The sound of an object crashing to the ground or the sight of a bright flash of light: These are some of the things that people with a condition called exploding head syndrome can sense, even though the events did not really occur, a new study finds.
Little is known about this startling syndrome, but it does appear to be more common than previously thought, said the study, which was published online April 6 in the journal Cephalalgia .
Despite the condition's name, no actual explosions take place when a person has exploding head syndrome. Rather, the phenomenon is considered to be a "sensory" sleep disorder, according to the study.
When a person with exploding head syndrome is either falling asleep or waking up, he or she may hear a thunderously loud noise, said study author Brian Sharpless, an associate professor of clinical psychology at Argosy University in Virginia. In a previous study, Sharpless found that about 13.5 percent of people experience the phenomenon at some point during their lives.
Scientists still don't know why this phenomenon occurs, but one of the more popular theories involves a part of the brain called the reticular formation, Sharpless told Live Science. This area, located in the brain stem at the back of a person's head, is responsible for helping a person go to sleep, said Sharpless, who is also the editor of the book "Unusual and Rare Psychological Disorders" (Oxford University Press, 2016).
"Going to sleep is sort of like shutting down a computer," Sharpless said: The brain goes through a series of steps. One of these steps involves "shutting down" the brain cells that are responsible for hearing, called the auditory neurons, he said. But when someone has exploding head syndrome, instead of shutting these neurons down, something could cause them to fire all at once, leading the person to "hear" a sudden, loud noise in his or her head, Sharpless said.
The reticular formation is also thought to play a role in another strange sleep phenomenon called sleep paralysis , Sharpless added. During sleep paralysis, a person wakes up and is unable to move; he or she may report seeing things at the same time.
"Dropping an object from a height"
In the new study, 49 college students who all had experienced exploding head syndrome were interviewed about their symptoms by either a clinical psychologist or doctoral student in clinical psychology.
Although the participants' experiences varied — some had experienced only one episode, while one person reported 150 episodes — the study revealed several commonalities, the researchers said.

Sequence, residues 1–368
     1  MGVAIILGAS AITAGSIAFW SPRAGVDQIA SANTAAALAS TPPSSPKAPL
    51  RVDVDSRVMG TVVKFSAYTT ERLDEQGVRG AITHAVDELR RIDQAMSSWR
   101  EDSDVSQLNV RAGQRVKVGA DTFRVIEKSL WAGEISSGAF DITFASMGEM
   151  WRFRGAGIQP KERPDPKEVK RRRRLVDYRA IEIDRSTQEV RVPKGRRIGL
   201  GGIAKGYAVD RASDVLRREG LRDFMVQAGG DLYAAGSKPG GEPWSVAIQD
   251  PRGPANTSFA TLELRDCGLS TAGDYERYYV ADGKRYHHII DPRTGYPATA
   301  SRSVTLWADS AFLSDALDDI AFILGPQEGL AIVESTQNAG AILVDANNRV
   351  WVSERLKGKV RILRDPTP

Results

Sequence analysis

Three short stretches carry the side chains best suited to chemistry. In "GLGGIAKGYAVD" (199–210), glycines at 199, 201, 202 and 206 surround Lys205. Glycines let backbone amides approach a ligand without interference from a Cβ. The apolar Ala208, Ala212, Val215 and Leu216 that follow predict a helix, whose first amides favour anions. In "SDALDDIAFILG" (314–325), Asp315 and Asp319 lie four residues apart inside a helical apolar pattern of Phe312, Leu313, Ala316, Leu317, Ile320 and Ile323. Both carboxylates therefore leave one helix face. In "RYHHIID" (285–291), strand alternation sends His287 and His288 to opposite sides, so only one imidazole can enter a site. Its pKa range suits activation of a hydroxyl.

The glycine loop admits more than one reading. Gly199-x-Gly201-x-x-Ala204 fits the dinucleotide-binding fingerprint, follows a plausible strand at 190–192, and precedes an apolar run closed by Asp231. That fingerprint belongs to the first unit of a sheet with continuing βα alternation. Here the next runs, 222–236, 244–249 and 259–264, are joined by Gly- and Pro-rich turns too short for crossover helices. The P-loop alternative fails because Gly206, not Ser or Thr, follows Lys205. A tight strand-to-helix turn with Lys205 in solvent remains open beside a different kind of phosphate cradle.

For example, the most common type of noise that people reported hearing was the sound of someone "dropping an object from a height," followed by a bang, an explosion and a door slamming, according to the study.
People who experience the phenomenon don't report hearing speech, or anything articulate, Sharpless said. "It's mostly a really loud sound."
Fear and a racing heart were also very common symptoms, according to the study. And just over a quarter of the people in the study reported seeing a flash of light.
Sharpless said he was surprised that 14 percent of the people in the study said they "forgot how to breathe" during an episode of exploding head syndrome, a sensation that the individuals considered extremely frightening .
As scary as the episodes may seem, for the most part, they are painless, the study found. Just a few study participants reported experiencing a mild headache or feeling hot, Sharpless said. Indeed, if a person experiences pain during an episode, that could be a sign of a more serious health condition, Sharpless said.
A little-known condition
The study showed that only about 10 percent of people who had exploding head syndrome ever told a doctor about it, Sharpless said. In some cases, when the people did tell their doctors, the physicians didn't know about exploding head syndrome, Sharpless said.
The name exploding head syndrome was coined in 1986, but the phenomenon has been documented as far as back as the late 1800s, Sharpless said. A doctor in Philadelphia described the experiences as "sensory discharges." Later, in the 1920s, another doctor referred to the phenomenon as "snapping of the brain," Sharpless said.
Even today, the condition is little understood, and some people with exploding head syndrome have mistakenly attributed it to government operatives pointing "directed energy weapons" at their heads, Sharpless said.
But exploding head syndrome really is the result of something happening in the brain, Sharpless said.
"Sleep is very complicated, and there are a lot of ways it can go wrong," Sharpless said. "This is one of them."
Originally published on Live Science .